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GABullDogg

TCM Poor Programming

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There was a time that I were a big fan of TCM, but now, I'm not. Why? It seems to me that TCM has gone in a different direction when it comes to what they show. In the past, they use to aired great B&W classic movies with greats like James Cagney, Humprey Bogart, Bette Davis, Joan Crawford, Edward G. Robinson, and so forth. Now, it seems that TCM now aired mostly JUNK! I don't care too much about watching the network anymore. I'm truly disappointed TCM. I hope that they will return to their roots and start showing more quality B&W classics like they once done in the past. Thank you.

 

Message was edited by: GABullDogg

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Today they showed *five* fabulous Bogart films. Definitely not junk. If you were working and don't have access to a VCR, DVD, or TiVo and didn't record them, I'm truly sorry. The programmers cannot please everyone.

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I must admit I was disappointed in the Christmas day and New Year Day shows I was disappointed they didn't show Miracle on 34th Street and It's a Wonderful life on Christmas Day.

 

And while I like watching "That's Entertainment" with all the clips of the stars talking it was sad that they had to repeat it.

 

Some days are Diamonds and some days are Stones.

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> {quote:title=blueinmo wrote:}{quote}

> I must admit I was disappointed in the Christmas day and New Year Day shows I was disappointed they didn't show Miracle on 34th Street and It's a Wonderful life on Christmas Day.

 

I can't remember the last time TCM showed either one of these. I know that AMC had the rights to Miracle on 34th Street (and repeated it endlessly before and on Christmas) and NBC has been airing It's a Wonderful Life around Christmastime for years.

 

 

> Some days are Diamonds and some days are Stones.

 

The Stones? OK, then, go to Suggest a Movie and ask for "Gimme Shelter" next Christmas. Hey, it did take place in December.

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Well they could have played Heidi for Christmas. Or done a Shirley Temple Marathon on Christmas day. That would have been great.

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TCM doesn't have the rights to air *It's a Wonderful Life* or most Shirley Temple movies, except *The Little Princess* and the movies she made as a teen, like *Since You Went Away* . NBC has the exclusive rights to *Winderful Life* and Fox Movie Channel owns the Temples.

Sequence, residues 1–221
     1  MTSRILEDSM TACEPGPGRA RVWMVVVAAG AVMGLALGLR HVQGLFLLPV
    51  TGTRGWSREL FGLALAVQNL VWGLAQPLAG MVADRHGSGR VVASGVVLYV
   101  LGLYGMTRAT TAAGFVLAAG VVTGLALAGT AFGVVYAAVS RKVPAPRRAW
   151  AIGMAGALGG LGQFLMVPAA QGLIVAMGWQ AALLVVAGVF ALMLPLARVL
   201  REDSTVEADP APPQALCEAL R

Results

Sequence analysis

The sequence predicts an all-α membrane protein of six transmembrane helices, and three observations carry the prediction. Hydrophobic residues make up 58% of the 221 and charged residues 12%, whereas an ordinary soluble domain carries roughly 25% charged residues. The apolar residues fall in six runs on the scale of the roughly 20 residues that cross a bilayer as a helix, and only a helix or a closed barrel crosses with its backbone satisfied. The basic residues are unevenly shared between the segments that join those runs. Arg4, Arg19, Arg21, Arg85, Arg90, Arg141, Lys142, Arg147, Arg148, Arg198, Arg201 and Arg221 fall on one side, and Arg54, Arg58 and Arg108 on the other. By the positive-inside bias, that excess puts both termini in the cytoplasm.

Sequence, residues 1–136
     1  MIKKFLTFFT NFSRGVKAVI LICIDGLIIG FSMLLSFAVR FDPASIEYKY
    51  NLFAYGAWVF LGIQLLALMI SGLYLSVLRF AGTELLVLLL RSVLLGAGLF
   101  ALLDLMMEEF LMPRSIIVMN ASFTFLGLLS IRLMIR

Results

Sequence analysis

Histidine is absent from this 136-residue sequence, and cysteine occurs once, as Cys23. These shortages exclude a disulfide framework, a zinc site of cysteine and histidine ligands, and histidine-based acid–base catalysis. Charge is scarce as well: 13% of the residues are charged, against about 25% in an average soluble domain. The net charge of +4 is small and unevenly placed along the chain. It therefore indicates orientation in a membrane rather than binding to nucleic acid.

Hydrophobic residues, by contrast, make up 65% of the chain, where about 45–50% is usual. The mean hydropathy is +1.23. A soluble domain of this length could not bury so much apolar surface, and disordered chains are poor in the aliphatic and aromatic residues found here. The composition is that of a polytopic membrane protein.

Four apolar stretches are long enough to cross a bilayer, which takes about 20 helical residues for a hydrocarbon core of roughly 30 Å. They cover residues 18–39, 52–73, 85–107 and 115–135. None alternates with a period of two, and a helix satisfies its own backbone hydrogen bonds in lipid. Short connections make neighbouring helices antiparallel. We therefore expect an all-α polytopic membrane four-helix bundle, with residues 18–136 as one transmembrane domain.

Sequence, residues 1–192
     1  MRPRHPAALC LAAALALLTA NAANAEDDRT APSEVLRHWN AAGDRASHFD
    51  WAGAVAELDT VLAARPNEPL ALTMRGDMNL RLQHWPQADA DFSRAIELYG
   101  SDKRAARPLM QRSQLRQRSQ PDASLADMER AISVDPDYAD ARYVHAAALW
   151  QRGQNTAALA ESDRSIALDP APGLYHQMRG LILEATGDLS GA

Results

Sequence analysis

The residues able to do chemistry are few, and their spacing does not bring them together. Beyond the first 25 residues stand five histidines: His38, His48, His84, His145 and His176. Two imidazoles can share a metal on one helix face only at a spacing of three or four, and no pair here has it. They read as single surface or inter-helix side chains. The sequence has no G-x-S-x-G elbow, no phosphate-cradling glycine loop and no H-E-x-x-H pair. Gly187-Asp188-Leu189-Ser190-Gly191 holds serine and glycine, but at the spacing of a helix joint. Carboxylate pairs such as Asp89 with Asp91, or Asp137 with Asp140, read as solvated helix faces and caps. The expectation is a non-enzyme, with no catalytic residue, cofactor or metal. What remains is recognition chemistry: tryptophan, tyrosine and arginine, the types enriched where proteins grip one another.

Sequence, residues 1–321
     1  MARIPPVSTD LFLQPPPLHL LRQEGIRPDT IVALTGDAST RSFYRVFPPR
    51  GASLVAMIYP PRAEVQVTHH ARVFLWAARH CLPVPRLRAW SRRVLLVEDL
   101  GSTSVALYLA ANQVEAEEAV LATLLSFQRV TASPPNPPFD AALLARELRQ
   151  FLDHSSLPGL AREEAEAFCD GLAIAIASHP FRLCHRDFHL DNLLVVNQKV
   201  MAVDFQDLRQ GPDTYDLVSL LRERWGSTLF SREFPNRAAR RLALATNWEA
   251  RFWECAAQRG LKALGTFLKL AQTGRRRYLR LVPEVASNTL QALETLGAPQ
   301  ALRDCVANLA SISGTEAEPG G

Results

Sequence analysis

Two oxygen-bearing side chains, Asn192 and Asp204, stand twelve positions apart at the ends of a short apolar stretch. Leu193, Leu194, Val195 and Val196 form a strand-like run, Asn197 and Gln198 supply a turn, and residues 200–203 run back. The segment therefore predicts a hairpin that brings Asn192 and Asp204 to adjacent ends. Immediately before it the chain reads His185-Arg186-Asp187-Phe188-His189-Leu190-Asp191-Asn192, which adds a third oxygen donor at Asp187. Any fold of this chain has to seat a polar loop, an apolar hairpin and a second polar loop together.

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Many of the ?great? films are shown at different parts of the day. In order to catch some of these, might I suggest for you to check the online schedule. Then you could tape the movie if you are not home to watch.

 

As someone else has said about this same subject on a different thread, TCM shows some great films, you just have to watch for the time that they are showing. TCM does show many of the same films in the evening. This is when they try and pull in newer viewers who are not accustomed to TCM. And that is what TCM needs, newer viewers.

 

So, please don't give up on TCM. There are a lot of newer movies coming up in the near future as well as the golden standards from yesteryear.

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Every time TCM shows The Grapes of Wrath and Our Daily Bread, I consider that Poor Programming.

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> {quote:title=FredCDobbs wrote:}{quote}

> Tom Keene was the hero of Our Daily Bread. How was he like Einstein?

 

Is this turning into a trivia thread?

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> {quote:title=FredCDobbs wrote:}{quote}

> Both were out-standing in their field.

 

I am convulsed with mirth.

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As has been noted, TCM tends to run a limited prime time playlist (Meet Me in St. Louis, anyone?). The real gems usually turn up in the overnight hours. That's where I've found the most interesting and new (to me) classic films.

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You're right, I have to keep an eye on their online schedule to tape the B&W gems and avoid the other garbage they show. I'm usually at work when they show the good stuff.